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Mindfulness meditation can provide pain relief, say researchers

16 Apr 2013
Mindfulness meditation can provide pain relief, say researchers News image

There is a growing body of medical research to suggest that people suffering pain can breathe their way out of it. A recent study has found that mindfulness meditation significantly reduces the psychological stress associated with inflammatory conditions such as rheumatoid arthritis, bowel disease and asthma. 

Originally a Buddhist technique, mindfulness meditation involves continuously focusing attention on the present moment using the breath. It invites a person to calmly observe their sensory feelings, mental content and surrounding environment. 

The study, conducted by the Centre for Investigating Healthy Minds at the University of Wisconsin in the US, compared mindfulness meditation with other relaxation methods such as physical exercise and music therapy. 

It observed that not only was the former more effective in reducing the psychological stress associated with the inflammatory conditions but also resulted in a reduction in stress-induced inflammation in the body. 

Whilst the authors of the study insist that mindfulness meditation is not a magic cure-all solution, the benefits are clear to see. 

Brisbane psychologist and co-ordinator of the Mount Gravatt Mental Health Professionals Network, Amanda White, agrees. 

“Mindfulness meditation can encourage better emotional regulation. It reduces stress and distractive ruminative thoughts. It reallocates the tension so you are not focused on the negative experience of pain but can contemplate positive things, or simply engage in a more realistic appraisal and thus limit the filter of pain,” she said.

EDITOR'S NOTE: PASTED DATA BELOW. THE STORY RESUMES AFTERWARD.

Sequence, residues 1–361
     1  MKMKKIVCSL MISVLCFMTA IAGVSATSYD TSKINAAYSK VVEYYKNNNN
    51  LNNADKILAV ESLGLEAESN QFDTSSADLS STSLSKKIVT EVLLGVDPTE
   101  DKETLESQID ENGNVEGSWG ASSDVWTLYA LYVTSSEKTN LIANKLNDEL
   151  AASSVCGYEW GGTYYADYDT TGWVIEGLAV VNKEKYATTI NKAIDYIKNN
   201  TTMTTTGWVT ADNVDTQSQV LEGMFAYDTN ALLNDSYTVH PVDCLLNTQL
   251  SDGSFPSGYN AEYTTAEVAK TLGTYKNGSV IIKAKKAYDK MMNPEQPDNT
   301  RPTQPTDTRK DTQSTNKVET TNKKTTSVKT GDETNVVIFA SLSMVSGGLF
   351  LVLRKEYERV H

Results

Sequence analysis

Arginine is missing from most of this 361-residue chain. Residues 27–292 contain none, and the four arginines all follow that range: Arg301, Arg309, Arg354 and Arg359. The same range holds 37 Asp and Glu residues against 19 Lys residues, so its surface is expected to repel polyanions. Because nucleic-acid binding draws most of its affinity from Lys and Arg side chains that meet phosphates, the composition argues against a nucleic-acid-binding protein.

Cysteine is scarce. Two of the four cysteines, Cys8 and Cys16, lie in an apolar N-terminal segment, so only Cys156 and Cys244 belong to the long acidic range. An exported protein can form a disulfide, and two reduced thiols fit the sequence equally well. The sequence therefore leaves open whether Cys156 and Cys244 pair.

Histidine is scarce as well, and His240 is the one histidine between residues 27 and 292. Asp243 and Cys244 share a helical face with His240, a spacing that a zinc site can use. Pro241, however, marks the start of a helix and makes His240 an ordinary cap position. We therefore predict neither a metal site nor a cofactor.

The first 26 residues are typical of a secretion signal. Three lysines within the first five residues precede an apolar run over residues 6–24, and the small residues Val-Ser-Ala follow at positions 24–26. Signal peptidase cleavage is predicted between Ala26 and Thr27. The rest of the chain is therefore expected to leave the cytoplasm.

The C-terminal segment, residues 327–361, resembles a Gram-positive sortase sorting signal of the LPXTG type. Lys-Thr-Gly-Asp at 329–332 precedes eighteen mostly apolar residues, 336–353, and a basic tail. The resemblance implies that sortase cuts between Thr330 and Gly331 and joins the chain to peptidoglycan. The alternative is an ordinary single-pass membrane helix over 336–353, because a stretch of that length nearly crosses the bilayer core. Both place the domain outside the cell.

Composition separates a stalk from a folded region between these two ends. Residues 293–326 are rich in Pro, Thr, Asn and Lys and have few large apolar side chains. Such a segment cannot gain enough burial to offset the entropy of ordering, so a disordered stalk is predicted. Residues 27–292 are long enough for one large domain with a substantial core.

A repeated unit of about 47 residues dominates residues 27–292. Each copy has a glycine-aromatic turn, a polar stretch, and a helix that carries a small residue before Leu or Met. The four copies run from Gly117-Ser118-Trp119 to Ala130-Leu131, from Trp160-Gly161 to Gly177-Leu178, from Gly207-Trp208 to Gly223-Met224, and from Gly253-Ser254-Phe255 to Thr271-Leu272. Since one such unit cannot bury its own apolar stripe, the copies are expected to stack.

White forms part of Mindfulness Meditation Brisbane and has used the method throughout her extensive background in chronic pain treatment, particularly for patients suffering traumatic brain injuries. 

“Pain can come and go, it is not always consistent. If pain is escalating, mindfulness meditation is a practice to create space around the pain so that it does not overwhelm the person experiencing it,” she said. 

Psychological stress often plays a significant role in intensifying physiological pain. The Centre for Mind and Brain at the University of California recently found that mindfulness meditation techniques directly reduce stress hormone cortisol levels in people. 

White says that in the multicultural context of Australia, mindfulness meditation appears to be increasingly accepted as beneficial.

She finds that, whilst Buddhist in origin, mindfulness meditation is a focussed strategy that is independent of religious practices. 

“Effectiveness of the practice depends on the client’s willingness to participate. It is not considered a primary treatment model and would be used to complement a broader treatment plan,” said White.

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